"It's apples and oranges. This defense is so complicated and so difficult, it takes forever to learn. It takes a lot more time to study. I guess the main difference is the way that it is coached. Before when you did something wrong it was, 'Okay, go to the next play'. Now, you do something wrong and you fix it. It's really interesting. It helps a lot when you go back and go over it."

I remember reading back when you were a freshman that you hunted wild boar growing up in Hawaii. How exactly did you do that?

"What you do is, you run into a mountain, you chase a boar, you let the dogs grab it and then you stab it. I never really got into it because I'm a big water person. I love fishing, I love diving. So I got into it, but only for a little bit."

Talk the about the atmosphere out here on the practice fields this spring…we just got done watching defensive linemen go against offensive linemen in a 7-on-7 competition.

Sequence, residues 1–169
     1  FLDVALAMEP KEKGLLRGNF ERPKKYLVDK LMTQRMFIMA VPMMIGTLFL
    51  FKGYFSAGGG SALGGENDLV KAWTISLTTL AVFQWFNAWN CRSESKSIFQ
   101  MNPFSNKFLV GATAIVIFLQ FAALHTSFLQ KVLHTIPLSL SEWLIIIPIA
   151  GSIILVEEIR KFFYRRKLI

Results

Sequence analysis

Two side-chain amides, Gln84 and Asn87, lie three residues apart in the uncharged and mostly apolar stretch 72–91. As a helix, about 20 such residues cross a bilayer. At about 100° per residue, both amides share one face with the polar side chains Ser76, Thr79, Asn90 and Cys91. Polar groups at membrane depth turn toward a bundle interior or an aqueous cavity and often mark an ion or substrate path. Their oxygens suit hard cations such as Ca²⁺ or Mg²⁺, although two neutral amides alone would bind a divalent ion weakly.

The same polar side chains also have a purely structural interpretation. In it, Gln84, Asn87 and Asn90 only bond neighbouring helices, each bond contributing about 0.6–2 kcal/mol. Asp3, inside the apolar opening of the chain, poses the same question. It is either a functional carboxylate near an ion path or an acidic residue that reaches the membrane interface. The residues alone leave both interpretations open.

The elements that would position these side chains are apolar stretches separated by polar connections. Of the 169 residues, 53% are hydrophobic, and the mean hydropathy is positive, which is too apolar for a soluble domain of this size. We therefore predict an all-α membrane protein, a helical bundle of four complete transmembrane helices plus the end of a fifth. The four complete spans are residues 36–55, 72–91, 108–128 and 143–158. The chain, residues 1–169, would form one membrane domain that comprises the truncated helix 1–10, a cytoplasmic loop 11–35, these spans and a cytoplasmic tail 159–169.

"It is incredible, the change that has happened. When I came out here (practice fields) as a freshman you would see a lot of guys that didn't like it here, a lot of guys who came out here just to come out here, just to be a Buffalo. Now, with this coach, you see a lot of guys actually putting effort into what they do. It just makes the whole practice go a lot smoother because everyone is trying to do their best. Everything is clicking, everyone is involved. In the locker room, everyone is going, 'I wonder what we're going to do tomorrow?' Coach Hawkins keeps everyone on their toes and it makes everything so exciting."